The availability of vaccines in response to newly emerging infections is impeded by the length of time it takes to design, manufacture, and evaluate vaccines for clinical use. Historically, the process of vaccine development through to licensure requires decades; however, clinicians and public health officials are often faced with outbreaks of viral diseases, sometimes of a pandemic nature that would require vaccines for adequate control. New viral diseases emerge from zoonotic and vectorborne sources, such as Middle East Respiratory Syndrome coronavirus and Chikungunya, and while these diseases are often detected in resource-rich countries, they usually begin in low- and mid-income countries.1 Therefore, part of the timeline for a vaccine involves surveillance and detection of new pathogens in remote areas and transfer of specimens to laboratories capable of vaccine development.
Rift Valley fever virus (RVFV) is a member of the family Bunyaviridae and can lead to severe diseases in humans and livestock. Although most human infections proceed as mild flu-like illness, severe manifestations as retinitis, meningoencephalitis or even hemorrhagic fever syndromes due to fulminant hepatitis do occur in about 1-2% of the cases. Infections of adult ruminants and camels rarely lead to manifest and lethal hepatitis, but are rather observed as febrile diseases. However, so called ‘abortion storms’ are characteristic for RVFV infections of pregnant ruminants, leading to an up to 100% mortality rate in new borne animals. While human infections are mostly caused by contact to viremic animals, the transmission through RVFV-infected mosquitoes is of major importance for livestock and wildlife. To date RVFV was found in more than 30 mosquito species. Currently RVFV is widely endemic in Africa, recurrently causing substantial outbreaks. Significant losses in human and animal populations highlight the major impact of the pathogen for both healthcare and animal husbandry. For mitigation and monitoring of these impacts, knowledge of the specific infection ecology is of particular importance. To address these issues, a cross-regional serological and molecular screening of livestock sera in Cameroon and Mauritania was implemented. The findings in Cameroon demonstrated considerable inter-species differences, reflected by a significantly higher seroprevalence of cattle compared to small ruminants. Additionally, striking regional variabilities of seropositivity were observed, implicating a decline from north to south Cameroon. Apart from general seroconversion, acute infections were detected for the first time in three cattle and one small ruminant, harboring RVFV-specific IgM antibodies. Moreover, virus derived RNA was detected in one IgM positive cattle, indicating the existence of low-level circulation of RVFV. By providing first evidence of acute infections, both the existence of an ongoing enzootic cycle and the potential for severe outbreaks in future was demonstrated. Although recurrent RVFV outbreaks in Mauritania led to massive losses in the past, serological and molecular investigations during inter-epidemic periods are absent to date. Therefore, samples of small ruminants, cattle and camels that were collected during inter-epidemic periods from 2012-2013, were analyzed. Comparative analyses demonstrated a significant difference in small ruminants, showing a strong decline of seroprevalence during inter-epidemic periods. In contrast, the rate of seropositivity in camels and cattle was almost identical to those detected during epidemics. Obtained data do therefore clarify the significant role of small ruminants as important sentinels for RVFV, as a remarkable increase of seroconversion will indicate a possible introduction of RVFV into the herds. Furthermore the evidence of an IgM positive cattle harboring viral RNA illustrated the presence of an enzootic cycle. Camelids play a yet neglected but pivotal role in transmission and spread of RVFV and associations with human infections highlight the eminent need for effective vaccines for this species. For this purpose alpacas were chosen as model organisms for camelids and were immunized with the live attenuated MP-12 vaccine, evaluating its safety, immunogenicity and pathogenicity. The application of MP-12 proved to be safe as no shedding of vaccine virus was recorded and no persisting alterations in hematology and clinical chemistry were observed. Additionally the vaccine was highly immunogenic, as stable neutralizing antibody titers were generated by a single application. A detailed investigation of antigen-specific reactivity demonstrated a significant generation of antibodies directed against NSs, NP and Gn proteins. A minimal residual pathogenicity was demonstrated in alpacas 3 dpi as a replicative potential was verified in serum and liver. In addition pathological examinations revealed a mild, multifocal, acute necrotizing hepatitis with antigenic presence of NP, Gn, Gc and NSm. In contrast, hepatic lesions 31 dpi displayed a lymphohistiocytic character, indicating the efficient immunological clearance and absence of sequelae. Furthermore, next generation sequencing of recovered MP-12 confirmed the genetic stability of the vaccine. Therefore MP-12 is a safe and immunogenic vaccine for camelids, yet with considerable residual pathogenicity. In summary, the here presented results elucidate characteristics of the RVFV infection ecology in Cameroon, present comparative analyses during inter-epidemic periods in Mauritania and evaluate the suitability of the RVFV vaccine MP-12 for camelids. The obtained data can be used for awareness raising and risk assessment of Rift Valley fever as well as for the development of prevention strategies.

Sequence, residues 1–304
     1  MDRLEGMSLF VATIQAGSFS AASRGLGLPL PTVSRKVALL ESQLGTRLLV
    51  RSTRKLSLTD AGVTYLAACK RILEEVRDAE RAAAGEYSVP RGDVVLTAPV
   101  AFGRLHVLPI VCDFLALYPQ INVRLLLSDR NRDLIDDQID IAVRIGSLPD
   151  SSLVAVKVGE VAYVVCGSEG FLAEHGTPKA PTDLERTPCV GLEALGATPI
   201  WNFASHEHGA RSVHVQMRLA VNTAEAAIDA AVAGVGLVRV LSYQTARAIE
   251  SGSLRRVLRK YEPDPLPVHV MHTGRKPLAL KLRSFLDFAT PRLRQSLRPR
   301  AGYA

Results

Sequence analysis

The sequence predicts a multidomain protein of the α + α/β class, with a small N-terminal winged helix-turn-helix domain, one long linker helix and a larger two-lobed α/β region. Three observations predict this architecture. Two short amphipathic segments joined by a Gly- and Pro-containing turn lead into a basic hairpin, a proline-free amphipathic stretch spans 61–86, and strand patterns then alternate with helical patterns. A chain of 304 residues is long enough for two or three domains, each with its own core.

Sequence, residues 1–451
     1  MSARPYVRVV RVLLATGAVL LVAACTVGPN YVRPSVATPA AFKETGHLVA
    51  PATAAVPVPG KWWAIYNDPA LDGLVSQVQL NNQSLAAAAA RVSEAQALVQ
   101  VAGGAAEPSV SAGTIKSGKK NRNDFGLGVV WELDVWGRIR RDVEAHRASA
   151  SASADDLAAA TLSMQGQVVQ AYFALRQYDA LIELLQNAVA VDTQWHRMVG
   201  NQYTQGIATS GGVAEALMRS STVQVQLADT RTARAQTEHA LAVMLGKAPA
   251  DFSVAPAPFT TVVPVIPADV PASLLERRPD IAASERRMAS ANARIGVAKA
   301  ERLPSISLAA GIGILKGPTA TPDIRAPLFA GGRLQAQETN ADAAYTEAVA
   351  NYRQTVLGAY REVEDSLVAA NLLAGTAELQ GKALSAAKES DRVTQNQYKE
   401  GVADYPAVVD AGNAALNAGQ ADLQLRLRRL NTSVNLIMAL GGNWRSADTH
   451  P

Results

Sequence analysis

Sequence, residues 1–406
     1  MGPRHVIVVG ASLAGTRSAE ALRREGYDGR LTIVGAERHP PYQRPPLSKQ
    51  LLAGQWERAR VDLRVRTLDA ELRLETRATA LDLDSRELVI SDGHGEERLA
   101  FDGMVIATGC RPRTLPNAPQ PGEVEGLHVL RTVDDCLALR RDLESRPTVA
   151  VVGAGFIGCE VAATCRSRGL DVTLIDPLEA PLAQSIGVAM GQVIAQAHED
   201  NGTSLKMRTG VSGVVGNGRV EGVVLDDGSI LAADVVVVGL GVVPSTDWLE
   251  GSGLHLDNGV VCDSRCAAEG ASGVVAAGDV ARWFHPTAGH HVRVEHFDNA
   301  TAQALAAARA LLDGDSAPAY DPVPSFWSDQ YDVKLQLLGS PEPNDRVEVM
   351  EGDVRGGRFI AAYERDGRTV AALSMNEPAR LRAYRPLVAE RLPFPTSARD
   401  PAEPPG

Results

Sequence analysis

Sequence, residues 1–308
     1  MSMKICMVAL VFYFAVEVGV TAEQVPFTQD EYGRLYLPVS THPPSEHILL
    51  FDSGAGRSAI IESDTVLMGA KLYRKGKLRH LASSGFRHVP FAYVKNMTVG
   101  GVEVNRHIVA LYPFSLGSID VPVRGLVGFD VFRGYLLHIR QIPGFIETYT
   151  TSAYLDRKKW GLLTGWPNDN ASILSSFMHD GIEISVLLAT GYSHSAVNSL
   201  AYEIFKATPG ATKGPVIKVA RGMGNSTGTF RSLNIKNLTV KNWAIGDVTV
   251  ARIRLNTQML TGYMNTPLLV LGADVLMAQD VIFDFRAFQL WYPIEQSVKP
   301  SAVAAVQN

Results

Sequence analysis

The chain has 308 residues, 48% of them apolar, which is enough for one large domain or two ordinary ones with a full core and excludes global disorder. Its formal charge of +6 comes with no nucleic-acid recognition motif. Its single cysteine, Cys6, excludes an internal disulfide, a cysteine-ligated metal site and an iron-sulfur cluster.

Reverse genetics is a critical tool to decrypt the biological properties of arboviruses. However, whilst reverse genetics methods have been usually applied to vertebrate cells, their use in insect cells remains uncommon due to the conjunction of laborious molecular biology techniques and of specific difficulties surrounding the transfection of such cells. To leverage reverse genetics studies in both vertebrate and mosquito cells, we designed an improved DNA transfection protocol for insect cells and then demonstrated that the simple and flexible ISA (Infectious Subgenomic Amplicons) reverse-genetics method can be efficiently applied to both mammalian and mosquito cells to generate in days recombinant infectious positive-stranded RNA viruses belonging to genera Flavivirus (Japanese encephalitis, Yellow fever, West Nile and Zika viruses) and Alphavirus (Chikungunya virus). This method represents an effective option to potentially overcome technological issues related to the study of arboviruses.